Price: too high. I am paying $8.49 per .com right now with Fabulous. NameCheap is 10.69 with no coupon. Asking for 12 is too high if I am renewing a lot of domains.
API: A lot of registrars have API access. I am not sure what is special about yours. I've worked with Fabulous, eNom, DirectI, and a couple others. Some are better than others, but what makes you special? In fact, you seem to be built on top of eNom's API.
DNS: This is perhaps the only real selling point I see. You're essentially upselling on better DNS and foregoing all the other potential upsells (like hosting). How do you compete against the professional DNS companies? It only takes a NS change for me to be using their services. You're using Route53, why wouldn't I do this myself?
Maybe I am not your target audience, but I am struggling to figure out who is. I understand the economics of registrars and I feel like you've cut yourself too small a slice to be sustainable. I have doubts about the funding because you don't own a registrar which reduces costs long term but requires quite a bit of capital. But also creates higher pricing requirements which means less customers. You've given up all but one upsell possibility, which has a lot of competition that geeks are generally familiar with. Your audience is supposed to be savvy, so if they are developing a system that requires a lot of domains they can figure out how/where to get them cheaper and setup DNS too most likely.
I like seeing innovation in the domain space, but I fear for the economic viability of this. I also don't honestly see any innovation here. You've complained about what people don't like, but a lot of companies are already going after you main complaints.
I think the registrar innovation is pretty dead because of the shitty economics of it. The margins are getting eaten up by VeriSign every year. They make more money doing everything but registrations. Maybe your DNS upsell will work, maybe not. Good luck.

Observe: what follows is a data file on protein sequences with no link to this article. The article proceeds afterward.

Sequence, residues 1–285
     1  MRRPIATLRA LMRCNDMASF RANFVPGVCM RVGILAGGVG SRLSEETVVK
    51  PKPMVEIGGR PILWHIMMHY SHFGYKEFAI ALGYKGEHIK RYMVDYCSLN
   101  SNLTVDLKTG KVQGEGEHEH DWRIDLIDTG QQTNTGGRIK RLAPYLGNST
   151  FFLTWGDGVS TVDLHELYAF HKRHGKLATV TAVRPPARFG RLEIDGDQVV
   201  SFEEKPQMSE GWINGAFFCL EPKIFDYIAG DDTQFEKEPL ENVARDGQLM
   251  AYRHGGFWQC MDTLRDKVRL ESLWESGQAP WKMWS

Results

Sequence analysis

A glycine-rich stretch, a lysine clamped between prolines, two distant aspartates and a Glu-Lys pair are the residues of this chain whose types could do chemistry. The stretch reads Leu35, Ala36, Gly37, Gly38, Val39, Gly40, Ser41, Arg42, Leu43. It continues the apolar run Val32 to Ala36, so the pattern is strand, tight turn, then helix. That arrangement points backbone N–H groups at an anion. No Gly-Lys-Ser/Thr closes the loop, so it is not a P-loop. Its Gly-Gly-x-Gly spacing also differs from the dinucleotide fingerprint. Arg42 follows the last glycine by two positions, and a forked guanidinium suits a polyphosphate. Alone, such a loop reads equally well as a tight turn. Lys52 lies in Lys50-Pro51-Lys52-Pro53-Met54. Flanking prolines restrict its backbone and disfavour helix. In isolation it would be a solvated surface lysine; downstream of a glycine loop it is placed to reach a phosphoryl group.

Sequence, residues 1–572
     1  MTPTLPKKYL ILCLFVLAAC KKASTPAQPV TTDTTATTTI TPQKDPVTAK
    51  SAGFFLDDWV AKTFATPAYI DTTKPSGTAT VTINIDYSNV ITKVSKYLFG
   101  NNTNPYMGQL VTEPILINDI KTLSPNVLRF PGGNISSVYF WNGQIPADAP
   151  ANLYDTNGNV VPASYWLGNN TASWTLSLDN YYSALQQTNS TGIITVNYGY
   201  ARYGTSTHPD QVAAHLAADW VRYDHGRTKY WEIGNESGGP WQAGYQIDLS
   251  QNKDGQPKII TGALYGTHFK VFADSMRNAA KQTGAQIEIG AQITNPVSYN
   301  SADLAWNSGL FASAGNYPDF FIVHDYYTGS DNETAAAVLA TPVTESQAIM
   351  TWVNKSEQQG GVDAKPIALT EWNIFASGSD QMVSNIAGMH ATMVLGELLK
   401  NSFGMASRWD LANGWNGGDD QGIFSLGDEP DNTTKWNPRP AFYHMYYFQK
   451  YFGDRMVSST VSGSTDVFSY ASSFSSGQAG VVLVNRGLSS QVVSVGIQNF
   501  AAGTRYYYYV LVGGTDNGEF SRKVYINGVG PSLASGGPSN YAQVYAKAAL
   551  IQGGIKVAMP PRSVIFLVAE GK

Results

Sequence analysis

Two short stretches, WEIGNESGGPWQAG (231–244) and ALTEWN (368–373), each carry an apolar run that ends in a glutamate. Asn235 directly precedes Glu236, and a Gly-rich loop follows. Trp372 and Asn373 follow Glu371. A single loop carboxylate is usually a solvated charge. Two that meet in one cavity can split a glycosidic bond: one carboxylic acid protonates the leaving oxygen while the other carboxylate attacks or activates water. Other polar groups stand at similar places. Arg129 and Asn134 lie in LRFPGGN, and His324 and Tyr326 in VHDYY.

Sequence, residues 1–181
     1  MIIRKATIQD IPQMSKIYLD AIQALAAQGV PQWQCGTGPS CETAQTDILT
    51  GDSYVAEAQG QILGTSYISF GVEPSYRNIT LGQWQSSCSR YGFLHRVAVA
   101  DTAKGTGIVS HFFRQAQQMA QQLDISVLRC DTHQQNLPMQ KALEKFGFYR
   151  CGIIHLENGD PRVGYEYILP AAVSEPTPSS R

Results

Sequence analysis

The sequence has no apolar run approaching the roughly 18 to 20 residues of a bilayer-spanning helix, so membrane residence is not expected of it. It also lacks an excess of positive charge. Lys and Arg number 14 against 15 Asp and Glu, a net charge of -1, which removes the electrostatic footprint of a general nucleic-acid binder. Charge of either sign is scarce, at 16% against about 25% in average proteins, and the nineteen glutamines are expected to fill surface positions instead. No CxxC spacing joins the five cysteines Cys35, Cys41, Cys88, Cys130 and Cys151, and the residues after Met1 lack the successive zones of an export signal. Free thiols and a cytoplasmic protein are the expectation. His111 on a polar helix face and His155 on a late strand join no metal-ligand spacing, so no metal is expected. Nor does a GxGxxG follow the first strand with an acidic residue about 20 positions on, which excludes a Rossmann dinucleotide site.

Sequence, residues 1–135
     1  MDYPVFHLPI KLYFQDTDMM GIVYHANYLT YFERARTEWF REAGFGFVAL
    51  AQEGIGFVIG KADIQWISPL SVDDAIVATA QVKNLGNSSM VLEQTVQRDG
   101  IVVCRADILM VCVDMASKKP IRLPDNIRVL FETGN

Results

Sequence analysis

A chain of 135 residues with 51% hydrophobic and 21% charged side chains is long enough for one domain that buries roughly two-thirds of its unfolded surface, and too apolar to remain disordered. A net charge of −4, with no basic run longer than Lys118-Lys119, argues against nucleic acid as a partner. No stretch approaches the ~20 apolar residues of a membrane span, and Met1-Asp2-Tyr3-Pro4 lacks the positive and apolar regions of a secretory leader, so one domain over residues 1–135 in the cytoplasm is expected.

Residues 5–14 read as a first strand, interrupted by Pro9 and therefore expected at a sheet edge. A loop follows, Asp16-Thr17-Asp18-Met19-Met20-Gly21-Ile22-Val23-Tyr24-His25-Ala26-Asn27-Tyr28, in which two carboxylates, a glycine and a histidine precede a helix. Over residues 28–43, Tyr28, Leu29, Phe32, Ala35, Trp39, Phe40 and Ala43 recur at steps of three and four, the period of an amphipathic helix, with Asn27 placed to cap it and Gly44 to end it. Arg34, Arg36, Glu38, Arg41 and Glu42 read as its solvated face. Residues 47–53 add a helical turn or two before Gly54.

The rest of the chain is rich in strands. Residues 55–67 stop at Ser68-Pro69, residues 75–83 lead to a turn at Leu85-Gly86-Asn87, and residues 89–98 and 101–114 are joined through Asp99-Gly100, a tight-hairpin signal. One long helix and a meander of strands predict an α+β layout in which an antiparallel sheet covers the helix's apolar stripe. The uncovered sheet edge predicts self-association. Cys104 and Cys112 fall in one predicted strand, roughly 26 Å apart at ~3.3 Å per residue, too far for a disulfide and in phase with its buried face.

Your argument is definitely valid and I agree with you that the economic viability is limited in the sense that NameTerrific is not an extraordinarily competitive product in the market.
However there are many small but extremely useful features in NameTerrific that are not available elsewhere, such as DNS Snippets, Profiles and Domain Admins. They simplify the domain management for web designers/developers.
I don't want NameTerrific to be the cheapest registrar, the most professional DNS service provider or a losing department of a hosting company. The vision I see is an all-in-one platform that covers every aspect of professional domain management. You get the best uptime and easiest management automatically, and you can customize the experience the way you want.
The reason that the APIs haven't been released today is because I'm adding OAuth to it. NameTerrific is designed to completely open up the domain industry to all developers.
Unfortunately domainers are never my target audience. Many professional domainers get accreditation themselves to take advantage of cheap prices and stuff like domain cancellation. There's no point competing in such a low margin field.
But well, I believe that there will be people (hopefully a lot of them) who want something simple and straightforward and are willing to spend $2-$3 extra a year to get a professional product without doing much work.
I am glad you recognize that. I worry tremendously about companies that don't realize the economics of registrars. Very few domainers actually own registrars, the biggest guys do, but most aren't technically inclined and work with existing registrars (eg. Fabulous, Enom, Moniker). Even at $2-3 margins you're going to need tens of thousands of domains to cover costs. You want the best support, but are a 1 man operation, to hire a 24/7 team, you would need 3 people working full shifts (if that includes you), we're talking at least 50,000-70,000 domains (not even sure what costs you have, so that would be on top). That's a lot of domains. I hope the DNS is really popular and has great margins, because you're going to need them.
As far as features, you have not looked around enough apparently. Profiles and domain admins are something that have been around for MANY years. I think even your registrar, eNom, has that functionality with subaccounts and access levels. I know my registrar, Fabulous, has them. I even have DNS templates (seemingly equivalent to your snippets). I have had this stuff for the past ~5 years?
Except I can buy DYN's service for a domain registered anywhere. This is being packaged as an upsell of domain registration. I compare to both, but since it requires me to choose them as a registrar to use, I focus primarily on the registrar component.